Yesod is the sephira near but not quite at the bottom of the tree of life, a kind of gathering point for all the energies present in the other sephirot before they trickle down to reality, which is next week's subject. (Oddly enough my work involves a form of flux analysis in metabolic networks). It's identified with the "procreative organ" as the books so delicately put it. What does righteousness have to do with it? Well, the very first commandment was to be fruitful and multiply. Jews are obligated to make more Jews. The tzadik is the foundation of the world.
That's a very strange thought to my ususal materialist self. If righteousness and persons are anything at all, they aren't the foundation of the world but a late, epiphenomenal, accidental sort of thing. But maybe not. Maybe the universe was inevitably directed towards making entities that could perceive it (via anthropic selection if nothing else), and maybe such entities had to have a moral sense baked into their foundations, maybe it's an inevitable and necessary a part of intelligence. I can almost see that.
Also odd to me is the confluence of (pro)creation and righteousness. I tend to view creation as an amoral, wild sort of activity, whether it is influenced by the divine or not, it proceeds by its own rules and not some external law. But again, maybe not. Again, going back to the earliest parts of the Torah, the message is that God not only created the world but pronounced it good. And when I create something, I generally have some idea of goodness in mind that guides me. So maybe it's not so strange, maybe my ideas about creativity have been infected by a pernicious romanticism or something.
A fleeting idea of a sort of metaphysical Darwinian process: that which exists is good, what is good exists, and what exists is that which is capable of propagating itself, of procreating, of having its form persist and replicate across space and time. A tzadik is one who combines the moral, physical, spiritual, biological, and I-don't-know-what-other forms of this process into one handy human-shaped container.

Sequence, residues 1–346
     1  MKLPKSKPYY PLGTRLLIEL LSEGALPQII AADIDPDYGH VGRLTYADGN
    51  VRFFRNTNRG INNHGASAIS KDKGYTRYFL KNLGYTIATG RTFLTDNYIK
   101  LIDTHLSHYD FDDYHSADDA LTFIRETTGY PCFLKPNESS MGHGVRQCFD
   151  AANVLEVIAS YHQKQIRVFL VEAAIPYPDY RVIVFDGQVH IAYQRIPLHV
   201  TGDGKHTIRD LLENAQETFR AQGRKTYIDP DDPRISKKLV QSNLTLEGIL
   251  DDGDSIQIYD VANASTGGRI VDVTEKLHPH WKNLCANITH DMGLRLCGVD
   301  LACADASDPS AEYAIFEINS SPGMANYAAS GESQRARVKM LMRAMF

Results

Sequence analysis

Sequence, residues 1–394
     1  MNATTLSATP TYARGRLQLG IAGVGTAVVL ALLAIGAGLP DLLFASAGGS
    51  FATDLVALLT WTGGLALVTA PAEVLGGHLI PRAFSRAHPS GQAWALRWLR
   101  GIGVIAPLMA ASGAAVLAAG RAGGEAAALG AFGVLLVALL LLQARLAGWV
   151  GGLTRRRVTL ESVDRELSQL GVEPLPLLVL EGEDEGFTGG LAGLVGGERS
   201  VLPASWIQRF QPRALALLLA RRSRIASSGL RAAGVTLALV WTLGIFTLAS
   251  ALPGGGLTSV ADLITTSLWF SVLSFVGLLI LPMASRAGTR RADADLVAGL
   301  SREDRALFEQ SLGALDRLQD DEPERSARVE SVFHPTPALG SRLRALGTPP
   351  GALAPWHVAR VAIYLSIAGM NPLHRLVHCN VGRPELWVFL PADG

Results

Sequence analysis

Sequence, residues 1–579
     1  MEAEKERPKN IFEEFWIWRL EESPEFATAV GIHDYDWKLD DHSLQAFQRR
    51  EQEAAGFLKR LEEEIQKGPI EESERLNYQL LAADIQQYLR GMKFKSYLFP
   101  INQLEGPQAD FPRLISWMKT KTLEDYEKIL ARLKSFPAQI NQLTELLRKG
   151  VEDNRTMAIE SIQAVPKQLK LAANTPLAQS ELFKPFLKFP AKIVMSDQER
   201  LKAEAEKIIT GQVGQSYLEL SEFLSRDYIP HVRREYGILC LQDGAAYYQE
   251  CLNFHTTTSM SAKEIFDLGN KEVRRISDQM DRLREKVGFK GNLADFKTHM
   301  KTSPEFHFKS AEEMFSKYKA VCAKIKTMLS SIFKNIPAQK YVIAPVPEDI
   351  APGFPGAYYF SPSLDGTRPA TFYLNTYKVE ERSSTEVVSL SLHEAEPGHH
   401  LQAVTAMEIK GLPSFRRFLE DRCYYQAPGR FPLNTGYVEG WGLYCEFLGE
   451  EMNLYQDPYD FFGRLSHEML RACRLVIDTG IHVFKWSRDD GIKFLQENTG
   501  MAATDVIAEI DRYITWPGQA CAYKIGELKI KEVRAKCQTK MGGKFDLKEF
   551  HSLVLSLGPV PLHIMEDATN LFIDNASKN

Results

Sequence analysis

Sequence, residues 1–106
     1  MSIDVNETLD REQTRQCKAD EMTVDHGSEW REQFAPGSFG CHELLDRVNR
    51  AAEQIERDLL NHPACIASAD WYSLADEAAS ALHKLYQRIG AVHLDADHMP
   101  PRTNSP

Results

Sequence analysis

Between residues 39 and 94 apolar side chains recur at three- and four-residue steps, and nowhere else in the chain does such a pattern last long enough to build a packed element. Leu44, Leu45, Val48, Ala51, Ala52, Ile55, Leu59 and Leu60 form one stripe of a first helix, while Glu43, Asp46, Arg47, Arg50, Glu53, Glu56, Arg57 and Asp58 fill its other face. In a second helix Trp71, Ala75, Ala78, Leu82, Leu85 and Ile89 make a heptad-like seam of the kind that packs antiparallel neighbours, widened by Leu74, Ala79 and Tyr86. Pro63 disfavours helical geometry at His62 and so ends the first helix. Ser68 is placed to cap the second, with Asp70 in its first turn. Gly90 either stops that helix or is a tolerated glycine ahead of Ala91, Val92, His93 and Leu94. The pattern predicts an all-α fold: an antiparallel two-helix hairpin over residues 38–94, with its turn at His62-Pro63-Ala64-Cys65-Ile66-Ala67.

Alright, that's enough of the acid flashbacks for now, got to walk the dog and take out the garbage here on planet Earth.
[and, let me just note, that while "what exists is good" may have some sort of truth in a visionary sense, that kind of thought doesn't survive for an instant once critical thought from the merely human perspective is applied to it. From that vantage, all sorts of existing things are manifestly not-so-good, from the Holocaust to polio to global warming to mundane everyday problems (we just had to have all of the heating ducts in our house replaced because they had originally been installed by incompetents and have been mostly eaten into by the local wildlife...) to all the individual tragedies of life (another suicide on the railroad tracks I ride to work on last night). The pollyanish, best-of-all-possible-worlds kind of attitude that sometimes accompanies religion is one of the major turnoffs/obstacles for me. But at least I can catch a glimpse of where it's coming from.]
Speaking of that: last week we touched on a line from the Torah that resonates with the above. Abraham tries to talk God out of destroying Sodom and Gommorrah and says "shall not the judge of all the Earth do right?" (Genesis 18:25). I was somewhat embarrassed that I recognized this from Alan Moore's Watchmen comic, but no matter. It's rather startling, in that we see a human teaching morality to God, chiding him even. There's a major part of the Jewish character rooted in that, a more familiar one than this mystical stuff, which seems linked with an unquestioning acceptance. Also contrast with Christian theology which has a whole branch dedicated to explaining away God's shitty behavior.
[[Update: Stumbled on this passage just after writing about my personal duct problems above:
Yesod means "foundation", and the sephira represents the hidden infrastructure whereby the emanations from the remainder of the Tree are transmitted to the sephira Malkhut. Just as a large building has its air-conditioning ducts, service tunnels, conduits, electrical wiring, hot and cold water pipes, attic spaces, lift shafts, winding rooms, storage tanks, and a telephone exchange, so does the Creation; the external, visible world of phenomenal reality rests (metaphorically speaking) upon a hidden foundation of occult machinery.